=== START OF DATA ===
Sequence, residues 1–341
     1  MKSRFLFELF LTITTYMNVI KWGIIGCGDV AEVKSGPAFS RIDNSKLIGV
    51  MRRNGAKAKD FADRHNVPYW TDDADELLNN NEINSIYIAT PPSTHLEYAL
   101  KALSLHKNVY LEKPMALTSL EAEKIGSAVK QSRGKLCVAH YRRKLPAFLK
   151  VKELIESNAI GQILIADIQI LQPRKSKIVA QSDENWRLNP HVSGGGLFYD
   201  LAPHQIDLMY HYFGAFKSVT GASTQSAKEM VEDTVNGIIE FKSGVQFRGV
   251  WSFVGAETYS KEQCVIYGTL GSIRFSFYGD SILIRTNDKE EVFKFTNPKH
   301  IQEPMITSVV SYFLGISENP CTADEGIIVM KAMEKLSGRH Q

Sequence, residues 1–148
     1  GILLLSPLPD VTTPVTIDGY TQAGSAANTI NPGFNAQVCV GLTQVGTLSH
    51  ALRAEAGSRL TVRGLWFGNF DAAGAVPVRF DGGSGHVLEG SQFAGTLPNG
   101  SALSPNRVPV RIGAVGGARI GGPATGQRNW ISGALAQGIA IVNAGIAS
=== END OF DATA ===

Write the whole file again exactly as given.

Sequence, residues 1–341
     1  MKSRFLFELF LTITTYMNVI KWGIIGCGDV AEVKSGPAFS RIDNSKLIGV
    51  MRRNGAKAKD FADRHNVPYW TDDADELLNN NEINSIYIAT PPSTHLEYAL
   101  KALSLHKNVY LEKPMALTSL EAEKIGSAVK QSRGKLCVAH YRRKLPAFLK
   151  VKELIESNAI GQILIADIQI LQPRKSKIVA QSDENWRLNP HVSGGGLFYD
   201  LAPHQIDLMY HYFGAFKSVT GASTQSAKEM VEDTVNGIIE FKSGVQFRGV
   251  WSFVGAETYS KEQCVIYGTL GSIRFSFYGD SILIRTNDKE EVFKFTNPKH
   301  IQEPMITSVV SYFLGISENP CTADEGIIVM KAMEKLSGRH Q

Sequence, residues 1–148
     1  GILLLSPLPD VTTPVTIDGY TQAGSAANTI NPGFNAQVCV GLTQVGTLSH
    51  ALRAEAGSRL TVRGLWFGNF DAAGAVPVRF DGGSGHVLEG SQFAGTLPNG
   101  SALSPNRVPV RIGAVGGARI GGPATGQRNW ISGALAQGIA IVNAGIAS